Barker Martin

Condo-HOA Blog

Three Simple New Year's Resolutions for Community Association Boards

Being the second week in January, many of us may have already given up on our personal new year’s resolutions, but maybe board members can find solace in a set of basic New Year’s Resolutions for their associations involving going back to the basics: The Three R’s.*

Here are a few basic resolutions that involve no diets, gym memberships or willpower of any sort!

1. READING. Read your governing documents. As a board, make it your resolution to read your governing documents from top to bottom. This includes the Declaration of Covenants, Conditions & Restrictions (often referred to as CC&R’s), Bylaws, Rules and Regulations and any policies adopted by Board resolution that become part of the Rules and Regs. If you’re particularly dedicated to the task, take a couple of different color highlighters in hand and carefully read the sections relating to association or board rights, powers and duties. Highlight every “shall,” “must,” “will” or other mandatory-type language in one color and highlight every “may”, “will endeavor to” or other permissive-type language in another color.

Remember that as a creature of statute, your HOA or Condo Association has no inherent authority. In other words, the power and ability to do something must be explicitly stated somewhere. That “somewhere” could be the statute, governing documents or cases interpreting association authority.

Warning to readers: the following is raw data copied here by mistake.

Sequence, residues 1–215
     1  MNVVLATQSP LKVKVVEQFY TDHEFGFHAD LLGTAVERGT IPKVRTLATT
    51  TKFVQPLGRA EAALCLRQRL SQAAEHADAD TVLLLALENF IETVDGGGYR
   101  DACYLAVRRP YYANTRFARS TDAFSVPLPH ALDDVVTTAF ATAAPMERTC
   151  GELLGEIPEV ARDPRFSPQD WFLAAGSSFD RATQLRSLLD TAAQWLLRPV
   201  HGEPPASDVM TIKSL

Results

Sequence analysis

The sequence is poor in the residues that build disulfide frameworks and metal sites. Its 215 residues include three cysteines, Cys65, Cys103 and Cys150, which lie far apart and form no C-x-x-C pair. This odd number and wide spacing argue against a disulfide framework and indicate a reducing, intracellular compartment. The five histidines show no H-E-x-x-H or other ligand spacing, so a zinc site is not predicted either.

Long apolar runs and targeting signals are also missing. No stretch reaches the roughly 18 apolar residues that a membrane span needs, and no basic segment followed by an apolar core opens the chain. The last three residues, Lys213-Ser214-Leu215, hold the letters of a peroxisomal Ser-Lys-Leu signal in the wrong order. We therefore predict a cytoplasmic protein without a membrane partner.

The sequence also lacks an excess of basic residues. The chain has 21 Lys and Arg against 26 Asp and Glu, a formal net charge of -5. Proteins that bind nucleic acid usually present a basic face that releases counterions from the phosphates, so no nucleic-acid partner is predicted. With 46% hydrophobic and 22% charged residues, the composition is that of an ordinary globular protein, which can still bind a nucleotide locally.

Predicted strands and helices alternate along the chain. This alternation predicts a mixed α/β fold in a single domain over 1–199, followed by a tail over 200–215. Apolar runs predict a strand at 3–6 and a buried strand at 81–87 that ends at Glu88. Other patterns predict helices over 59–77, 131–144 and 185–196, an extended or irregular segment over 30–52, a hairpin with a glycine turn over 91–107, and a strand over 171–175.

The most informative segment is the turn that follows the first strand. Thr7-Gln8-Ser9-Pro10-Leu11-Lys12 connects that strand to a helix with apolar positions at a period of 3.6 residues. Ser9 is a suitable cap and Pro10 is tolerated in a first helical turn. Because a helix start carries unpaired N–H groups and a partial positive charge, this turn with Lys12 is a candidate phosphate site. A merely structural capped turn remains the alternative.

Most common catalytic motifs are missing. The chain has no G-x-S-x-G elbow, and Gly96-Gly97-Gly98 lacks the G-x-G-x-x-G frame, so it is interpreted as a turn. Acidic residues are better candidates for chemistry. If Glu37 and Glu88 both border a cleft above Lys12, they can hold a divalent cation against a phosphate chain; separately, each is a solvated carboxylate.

Identifying that authority and determining whether the board is required to do something or merely permitted to do something is key!

2. WRITING. Create an Association “Cheat Sheet.” This practice is great for use by board members, but is also a fantastic tool for managers to have a one-page sheet where they can see at-a-glance the particular quirks of each of their Associations. Cheat Sheets can be very broad, including the legal name of the association, the corporate renewal date, dates of the declaration, list of amendments, dates of bylaws and date and version of particular rules or resolutions. Or they can be very specific, such as a “notice cheat sheet” that states the notice required of members’ or board meetings. Cheat sheets should never take the place of the actual recorded or adopted documents, however. They should always be clearly marked as summaries, should refer the reader back to the actual section of the governing document being summarized. The use of cheat sheets should also be limited to board members or managers who understand their context. Finally, boards should avoid providing summaries of terms of the governing documents to association members since a lot can be lost in the translation. Remember, when it comes down to interpretation of the governing documents, the actual language of the governing document, not the cheat sheet shorthand, will determine the outcome, so frequently check the actual governing documents to ensure that your prior interpretations are correct.

3. ARITHMETIC. By now, everyone knows that there are “new” Washington statutes regarding reserves effective last year, but for many, that is about all that is known. The new reserve study legislation also added some disclosure requirements that you may have missed if you haven’t prepared a budget for a year. Take a minute to go over the new budget summary requirements contained in RCW 64.34.308(4) for condos and RCW 64.38.025(4) for non-condo associations. Oregon’s budget and reserve study laws have not changed, but now is still a great time to become more familiar with the requirements. The condo requirements are located at ORS 100.175 and ORS 100.412, and the non-condo requirements are at ORS 94.595 and ORS 94.645.

* For those of you puzzled by the Three R’s reference, see this (LINK TO

Happy New Year!